The C8 Stingray carries a lithe, striking new shape that will grab attention from a block away. Its lines do a terrific job of conveying more of a sense of value and beauty, yet it’s still imbued with a half-century-plus of genetic identifiers. I predict this car will generate more than a few “Oh, wow!” reactions from the public long after it has gone on sale.
The Mustang is a beefed-up beast with bulging biceps, based on our well-known sporty coupe. It will light up the pony car crowd, certainly. But among the elites, the Shelby’s familiar muscle-bound shape may still result in upturned noses, window-rattling V-8 rumble or not. Where the Mustang scores more points in this contest is in its competence in motion.
At speed, the ‘Vette’s strongest dynamic assets are described in a list of two: first, low polar moment, and second, forward traction. Chevy engineers have created a machine that benefits in exactly the ways it should: more centralized mass and the resulting rearward weight bias.
The Corvette has long been the bad boy of the racetrack, the Bart Simpson of supercars: rude, loud, cheap, unpredictable, and hard to handle, but fast and fun in its own brash way. Now, the Corvette has finally grown up. The C8 Corvette is more sophisticated, capable, and mature.
When the majority of the weight in a chassis is nearer the center of gravity, the car will change direction more eagerly. Formerly carried way up front under those arching fenders, the big engine actually resisted the steering tires as they tried to pull that hunk of metal around to face the apex of a turn. The amidships engine makes the steering feel responsive, more direct, and more precise. It’s less work. The new ‘Vette slices its way into a bend in a most delightful way.
Too much, sometimes—and this is the tricky part of the setup. Quick response can overwork the rear tires and create oversteer. In several high-speed tests, and again here at Virginia International Raceway, we have found some of that in the C8’s track personality. It really will point to the apex entering a corner and sometimes overdo it and end up sideways, with the widely adjustable stability control switch fully off (thank you for providing us with that choice, Chevy).
But when you apply your American V-8 torque, then you find the greatest improvement in driving the American Sports Car: It puts ponies to pavement. The C8 hooks up. Chevy has taken advantage of placing the engine over the rear wheels, and that loading successfully creates forward thrust far better than any Corvette before. The new ‘Vette launches hard from a slow corner or a stoplight/dragstrip. Check out that 0-60 time, beating cars with far higher power ratings and even some with all-wheel drive. That, my friends, is traction.
In fact, the ‘Vette transfers weight rearward so well that it sometimes goes into another kind of slide: understeer. The front loses grip a bit prematurely as a result of the light front loads. What to do? Is it bad? No, but this is a brand-new baby, and there’s still something to be learned. We believe we will see the C8 Corvette improve further as the Chevy team learns more about this all-new mid-engine phenomenon.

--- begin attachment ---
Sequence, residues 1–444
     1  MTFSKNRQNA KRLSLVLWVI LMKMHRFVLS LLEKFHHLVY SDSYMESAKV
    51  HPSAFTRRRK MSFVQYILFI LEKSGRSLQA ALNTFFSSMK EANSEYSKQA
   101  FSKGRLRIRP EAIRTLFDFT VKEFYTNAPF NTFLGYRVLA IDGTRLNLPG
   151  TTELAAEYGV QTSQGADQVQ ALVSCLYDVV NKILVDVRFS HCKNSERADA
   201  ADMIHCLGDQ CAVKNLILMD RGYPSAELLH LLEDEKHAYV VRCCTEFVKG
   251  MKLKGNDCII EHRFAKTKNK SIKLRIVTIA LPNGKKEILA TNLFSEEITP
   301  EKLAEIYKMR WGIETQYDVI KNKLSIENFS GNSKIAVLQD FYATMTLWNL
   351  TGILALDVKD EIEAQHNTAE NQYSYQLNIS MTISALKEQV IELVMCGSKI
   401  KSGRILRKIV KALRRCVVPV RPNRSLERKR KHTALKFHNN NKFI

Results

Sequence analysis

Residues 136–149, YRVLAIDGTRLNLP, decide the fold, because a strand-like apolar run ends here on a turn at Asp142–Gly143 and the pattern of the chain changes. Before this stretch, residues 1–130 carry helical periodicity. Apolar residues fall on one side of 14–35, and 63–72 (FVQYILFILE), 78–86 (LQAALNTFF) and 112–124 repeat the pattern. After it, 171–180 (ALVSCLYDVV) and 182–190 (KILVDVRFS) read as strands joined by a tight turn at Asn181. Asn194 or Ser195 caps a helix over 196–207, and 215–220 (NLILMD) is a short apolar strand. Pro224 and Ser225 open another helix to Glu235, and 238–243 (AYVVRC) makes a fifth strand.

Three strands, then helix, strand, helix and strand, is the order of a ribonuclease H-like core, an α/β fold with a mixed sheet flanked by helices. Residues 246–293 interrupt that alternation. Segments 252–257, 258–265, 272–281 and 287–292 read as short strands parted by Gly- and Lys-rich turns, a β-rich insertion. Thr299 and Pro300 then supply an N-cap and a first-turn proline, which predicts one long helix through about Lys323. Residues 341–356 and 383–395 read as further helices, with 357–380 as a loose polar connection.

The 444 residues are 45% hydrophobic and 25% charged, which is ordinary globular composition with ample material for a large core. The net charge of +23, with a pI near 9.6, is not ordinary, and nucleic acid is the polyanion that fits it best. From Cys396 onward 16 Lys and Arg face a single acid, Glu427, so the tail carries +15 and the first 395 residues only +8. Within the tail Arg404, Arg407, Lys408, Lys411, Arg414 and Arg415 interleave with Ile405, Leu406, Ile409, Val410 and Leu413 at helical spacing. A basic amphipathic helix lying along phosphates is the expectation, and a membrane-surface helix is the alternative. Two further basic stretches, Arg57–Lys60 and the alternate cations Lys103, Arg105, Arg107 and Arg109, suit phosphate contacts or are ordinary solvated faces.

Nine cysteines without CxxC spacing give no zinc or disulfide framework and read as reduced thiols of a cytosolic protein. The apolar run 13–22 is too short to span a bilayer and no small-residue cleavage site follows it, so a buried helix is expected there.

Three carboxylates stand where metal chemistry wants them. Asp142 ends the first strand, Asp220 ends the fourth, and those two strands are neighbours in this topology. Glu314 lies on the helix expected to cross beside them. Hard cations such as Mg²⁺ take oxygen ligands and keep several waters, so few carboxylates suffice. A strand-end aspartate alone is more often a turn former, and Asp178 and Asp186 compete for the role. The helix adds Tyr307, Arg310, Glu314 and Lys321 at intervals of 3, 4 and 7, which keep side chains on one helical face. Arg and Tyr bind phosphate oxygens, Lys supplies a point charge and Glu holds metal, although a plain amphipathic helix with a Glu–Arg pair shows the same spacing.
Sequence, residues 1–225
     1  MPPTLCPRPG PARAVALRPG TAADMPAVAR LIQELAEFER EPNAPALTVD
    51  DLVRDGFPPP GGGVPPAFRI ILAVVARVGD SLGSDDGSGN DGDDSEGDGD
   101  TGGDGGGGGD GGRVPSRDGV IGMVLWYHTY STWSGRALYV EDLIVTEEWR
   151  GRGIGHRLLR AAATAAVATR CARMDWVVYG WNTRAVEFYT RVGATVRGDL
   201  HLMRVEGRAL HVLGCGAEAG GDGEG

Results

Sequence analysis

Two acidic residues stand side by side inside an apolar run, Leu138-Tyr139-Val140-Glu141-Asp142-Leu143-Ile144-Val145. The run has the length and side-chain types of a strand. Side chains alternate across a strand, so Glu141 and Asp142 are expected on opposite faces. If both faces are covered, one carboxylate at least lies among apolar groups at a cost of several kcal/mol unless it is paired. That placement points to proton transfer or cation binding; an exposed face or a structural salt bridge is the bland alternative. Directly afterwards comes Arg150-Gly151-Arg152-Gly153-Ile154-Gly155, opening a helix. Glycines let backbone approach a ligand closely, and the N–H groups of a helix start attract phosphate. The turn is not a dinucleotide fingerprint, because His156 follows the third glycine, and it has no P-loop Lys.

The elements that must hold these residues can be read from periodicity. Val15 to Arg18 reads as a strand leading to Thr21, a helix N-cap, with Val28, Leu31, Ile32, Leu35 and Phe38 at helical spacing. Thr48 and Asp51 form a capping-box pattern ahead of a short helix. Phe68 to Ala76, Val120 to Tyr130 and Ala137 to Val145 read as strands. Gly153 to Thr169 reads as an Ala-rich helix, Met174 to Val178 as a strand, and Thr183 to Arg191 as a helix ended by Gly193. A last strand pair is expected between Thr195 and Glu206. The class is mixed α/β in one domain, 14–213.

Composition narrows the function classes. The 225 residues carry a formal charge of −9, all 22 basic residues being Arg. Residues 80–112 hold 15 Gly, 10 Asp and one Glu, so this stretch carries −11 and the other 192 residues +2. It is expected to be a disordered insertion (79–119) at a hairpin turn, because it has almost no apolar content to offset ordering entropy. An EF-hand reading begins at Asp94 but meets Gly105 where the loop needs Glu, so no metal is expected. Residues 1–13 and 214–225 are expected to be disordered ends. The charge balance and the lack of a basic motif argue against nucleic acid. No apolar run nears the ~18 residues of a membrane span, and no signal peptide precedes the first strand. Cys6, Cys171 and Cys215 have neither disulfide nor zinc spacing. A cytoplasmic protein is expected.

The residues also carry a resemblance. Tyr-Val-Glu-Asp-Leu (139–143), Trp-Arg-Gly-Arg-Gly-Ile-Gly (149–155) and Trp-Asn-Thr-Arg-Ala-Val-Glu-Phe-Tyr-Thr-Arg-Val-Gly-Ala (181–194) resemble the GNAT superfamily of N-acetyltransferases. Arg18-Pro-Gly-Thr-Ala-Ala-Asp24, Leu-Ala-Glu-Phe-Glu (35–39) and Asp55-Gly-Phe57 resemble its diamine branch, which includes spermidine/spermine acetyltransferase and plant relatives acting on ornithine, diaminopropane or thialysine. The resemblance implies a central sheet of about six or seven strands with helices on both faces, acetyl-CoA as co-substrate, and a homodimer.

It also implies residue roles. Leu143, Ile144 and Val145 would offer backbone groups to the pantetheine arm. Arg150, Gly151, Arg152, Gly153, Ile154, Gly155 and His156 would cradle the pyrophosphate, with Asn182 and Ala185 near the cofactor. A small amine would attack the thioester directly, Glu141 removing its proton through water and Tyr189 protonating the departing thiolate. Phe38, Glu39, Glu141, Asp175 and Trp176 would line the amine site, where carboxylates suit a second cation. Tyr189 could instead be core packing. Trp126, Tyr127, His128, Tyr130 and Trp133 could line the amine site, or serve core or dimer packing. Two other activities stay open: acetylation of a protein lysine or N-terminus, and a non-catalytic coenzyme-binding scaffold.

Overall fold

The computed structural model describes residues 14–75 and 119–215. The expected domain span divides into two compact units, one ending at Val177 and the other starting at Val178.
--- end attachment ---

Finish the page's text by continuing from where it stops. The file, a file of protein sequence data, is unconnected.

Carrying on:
In street-tuned mode dashing around VIR, the ‘Vette revealed deliciously instant steering response. It was quick and stable as I carved into a corner, and it revealed snappy trailing-throttle oversteer when I released the brake. Both are clearly influences of the mid-engine low polar moment.
As I accelerated off slow corners, like VIR’s Oak Tree, the C8’s ground-gripping traction rockets the car forward, and it remains well balanced even though it feels like it might wheelie. I found a consistent gradual side slip in third and fourth gears exiting faster sweepers. The C8 has more power oversteer at 80 mph than it does at 40, which is unusual.
The new Corvette’s braking was strong and stable with moderate nose dive. There was some isolation, if not the degree of e-pedal numbness I feared, and the brakes were cooled with some really nice Z51 brake ducts. Last, there was no more float, better suspension damping, but not harsh.
Crawling under the hood, we then adjusted the C8’s suspension to its track settings—which simply comes down to much more negative camber, front and rear. When added to the 8 degrees of caster (the same in Street or Track mode), the Corvette creates camber gain when the wheels are turned, which is especially good for tight turns, and a strong self-centering force for stability and good on-center feel.
High caster will also cross-weight a chassis because the outside wheel swings in an arc upward as the inside wheel swings down. These will both typically work to reduce the understeer that we squawked about in earlier tests.
The effect of the added camber was much improved grip everywhere, reducing but not eliminating traits of midcorner understeer and drop-throttle oversteer and raising speeds with better manners. The basic traits of midcorner understeer and trailing-throttle oversteer were still there, just not as much.
In Track setup, the Corvette’s lap times improved by 2 to 3 seconds with less falloff and better grip on a long run. Tying this all together was an eight-speed dual-clutch transmission that worked quite well at full chat, completing the performance of a much improved product. Far more than deserving of the title, this fresh offering is a 21st century new chapter, with more room to improve. One step back with the engine is a giant leap forward for the Stingray.